What is Charles Bonet Syndrome?
CBS is simply visual hallucinations caused when the brain tries to fill in visual gaps. It is not an eye condition in its own right but is experienced by many people undergoing loss of previously complete vision.
Who can have CBS?
Anyone who has previously had full vision — which Is now deteriorating — can experience these visual hallucinations. It is thought that more than one in four people with deteriorating vision will experience CBS, regardless of whether their eye condition is Macular Degeneration or Diabetic Retinopathy or any other condition which causes progressive vision loss.
Living with CBS
People who have CBS may believe they are mentally ill because of these hallucinations, which can range from things which may appear to enhance what they can see around them, or pop up as completely unrelated visions in front of their eyes. For instance, some people may see many more people out on their street than are actually present at the time. Others may see an unrelated vision, like a vehicle, pass before them when they know there can be no vehicle present.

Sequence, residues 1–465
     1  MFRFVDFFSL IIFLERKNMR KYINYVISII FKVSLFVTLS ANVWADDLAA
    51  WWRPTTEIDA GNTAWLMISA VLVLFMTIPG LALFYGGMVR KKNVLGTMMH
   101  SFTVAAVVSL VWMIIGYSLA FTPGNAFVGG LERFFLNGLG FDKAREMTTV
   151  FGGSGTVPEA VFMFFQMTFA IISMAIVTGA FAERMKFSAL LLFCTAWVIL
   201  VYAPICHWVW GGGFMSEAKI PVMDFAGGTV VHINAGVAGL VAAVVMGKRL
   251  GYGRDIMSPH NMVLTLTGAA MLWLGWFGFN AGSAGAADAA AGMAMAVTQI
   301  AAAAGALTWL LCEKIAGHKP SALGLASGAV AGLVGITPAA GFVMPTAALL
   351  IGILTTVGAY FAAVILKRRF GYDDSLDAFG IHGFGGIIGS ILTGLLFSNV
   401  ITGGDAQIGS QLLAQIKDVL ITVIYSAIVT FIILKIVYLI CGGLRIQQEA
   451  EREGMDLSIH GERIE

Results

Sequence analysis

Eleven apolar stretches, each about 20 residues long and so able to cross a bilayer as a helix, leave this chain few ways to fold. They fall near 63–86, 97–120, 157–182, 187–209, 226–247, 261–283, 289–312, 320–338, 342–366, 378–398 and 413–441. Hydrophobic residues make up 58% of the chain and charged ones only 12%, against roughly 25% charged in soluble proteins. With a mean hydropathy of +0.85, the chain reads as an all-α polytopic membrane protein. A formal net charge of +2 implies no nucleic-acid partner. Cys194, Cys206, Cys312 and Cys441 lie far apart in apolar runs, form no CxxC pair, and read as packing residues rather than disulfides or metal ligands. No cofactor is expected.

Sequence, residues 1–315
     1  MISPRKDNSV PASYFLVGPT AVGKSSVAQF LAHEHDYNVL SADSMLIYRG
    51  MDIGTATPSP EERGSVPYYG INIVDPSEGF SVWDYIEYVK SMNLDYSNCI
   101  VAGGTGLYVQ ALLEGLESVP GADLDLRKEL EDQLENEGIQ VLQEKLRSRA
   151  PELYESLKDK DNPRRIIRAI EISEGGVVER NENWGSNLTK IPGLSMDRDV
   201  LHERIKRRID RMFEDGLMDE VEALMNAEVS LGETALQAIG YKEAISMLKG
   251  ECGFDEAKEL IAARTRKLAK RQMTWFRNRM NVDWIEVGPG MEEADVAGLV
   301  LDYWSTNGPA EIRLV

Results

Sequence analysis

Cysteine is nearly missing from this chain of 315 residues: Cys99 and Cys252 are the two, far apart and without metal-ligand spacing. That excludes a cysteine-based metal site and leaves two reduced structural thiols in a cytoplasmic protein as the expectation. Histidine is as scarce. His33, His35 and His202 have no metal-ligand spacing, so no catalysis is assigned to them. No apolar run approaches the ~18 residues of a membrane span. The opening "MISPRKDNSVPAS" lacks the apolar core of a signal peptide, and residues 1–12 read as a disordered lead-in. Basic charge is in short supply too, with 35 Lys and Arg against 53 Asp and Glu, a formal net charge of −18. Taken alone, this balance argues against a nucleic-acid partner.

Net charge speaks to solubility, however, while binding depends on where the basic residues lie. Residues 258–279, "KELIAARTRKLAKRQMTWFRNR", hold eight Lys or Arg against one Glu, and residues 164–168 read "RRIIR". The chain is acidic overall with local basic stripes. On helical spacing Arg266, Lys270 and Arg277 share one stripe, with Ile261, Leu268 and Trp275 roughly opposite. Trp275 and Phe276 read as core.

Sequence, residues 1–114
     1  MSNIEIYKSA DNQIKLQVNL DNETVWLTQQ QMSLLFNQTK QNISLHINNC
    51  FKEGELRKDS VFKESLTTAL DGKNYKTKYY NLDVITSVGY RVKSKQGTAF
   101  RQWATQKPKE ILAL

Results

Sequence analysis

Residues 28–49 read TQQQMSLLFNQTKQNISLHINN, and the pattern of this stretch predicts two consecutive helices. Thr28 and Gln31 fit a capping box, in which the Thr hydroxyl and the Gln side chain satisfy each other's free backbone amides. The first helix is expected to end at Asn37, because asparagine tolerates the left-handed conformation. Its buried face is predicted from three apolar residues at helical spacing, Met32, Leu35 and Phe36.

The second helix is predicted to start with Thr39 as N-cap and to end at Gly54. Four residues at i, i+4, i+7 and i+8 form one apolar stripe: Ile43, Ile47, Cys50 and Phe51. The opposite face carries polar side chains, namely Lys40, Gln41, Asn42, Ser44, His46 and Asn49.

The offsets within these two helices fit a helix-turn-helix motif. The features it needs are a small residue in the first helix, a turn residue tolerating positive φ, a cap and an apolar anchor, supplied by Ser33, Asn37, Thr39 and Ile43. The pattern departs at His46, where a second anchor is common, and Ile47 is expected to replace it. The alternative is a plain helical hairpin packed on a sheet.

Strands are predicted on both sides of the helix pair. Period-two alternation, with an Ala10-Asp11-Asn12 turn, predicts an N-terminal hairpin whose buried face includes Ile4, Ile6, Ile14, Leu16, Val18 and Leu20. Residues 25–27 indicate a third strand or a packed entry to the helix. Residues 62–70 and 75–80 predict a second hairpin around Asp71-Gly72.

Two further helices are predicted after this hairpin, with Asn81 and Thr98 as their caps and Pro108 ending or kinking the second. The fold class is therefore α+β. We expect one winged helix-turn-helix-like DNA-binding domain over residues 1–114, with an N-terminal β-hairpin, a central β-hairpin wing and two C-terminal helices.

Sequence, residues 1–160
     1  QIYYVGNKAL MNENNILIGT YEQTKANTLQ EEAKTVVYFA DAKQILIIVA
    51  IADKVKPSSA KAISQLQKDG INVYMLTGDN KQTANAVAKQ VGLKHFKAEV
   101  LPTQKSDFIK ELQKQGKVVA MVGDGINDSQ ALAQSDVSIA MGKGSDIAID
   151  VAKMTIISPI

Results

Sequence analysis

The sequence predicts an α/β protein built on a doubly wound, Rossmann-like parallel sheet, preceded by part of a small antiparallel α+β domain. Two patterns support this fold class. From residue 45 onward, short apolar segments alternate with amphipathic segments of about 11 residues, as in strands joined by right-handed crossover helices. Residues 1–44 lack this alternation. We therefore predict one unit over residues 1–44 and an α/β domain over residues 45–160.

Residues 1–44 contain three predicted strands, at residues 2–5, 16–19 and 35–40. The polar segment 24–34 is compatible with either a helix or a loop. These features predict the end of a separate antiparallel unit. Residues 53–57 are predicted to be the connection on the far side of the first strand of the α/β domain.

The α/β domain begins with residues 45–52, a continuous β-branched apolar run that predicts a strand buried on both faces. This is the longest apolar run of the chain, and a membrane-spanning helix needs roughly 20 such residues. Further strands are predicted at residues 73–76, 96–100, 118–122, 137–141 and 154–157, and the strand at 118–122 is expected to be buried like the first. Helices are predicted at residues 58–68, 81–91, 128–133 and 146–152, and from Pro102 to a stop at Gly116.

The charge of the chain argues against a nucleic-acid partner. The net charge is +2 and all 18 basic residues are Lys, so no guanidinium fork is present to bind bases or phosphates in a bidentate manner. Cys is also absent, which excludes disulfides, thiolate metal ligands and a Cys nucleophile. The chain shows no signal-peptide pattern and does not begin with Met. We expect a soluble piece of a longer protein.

It is important to remember that these hallucinations, while disconcerting or even frightening, are not harmful — even though they come from the visual part of the brain. It’s merely the brain trying to fill in gaps once filled by actual visual stimuli. It is not a psychosis.
While there is no specific assistive technology which will help with Charles Bonet Syndrome because it is not a respecter of eye condition, it is important to tell family and friends, including your technology trainer, if you are experiencing any hallucinations.
At DATA Australasia you will receive empathy and support. We have lived experience of vision loss and vision management. Call us for all your assistive technology assessment and training needs.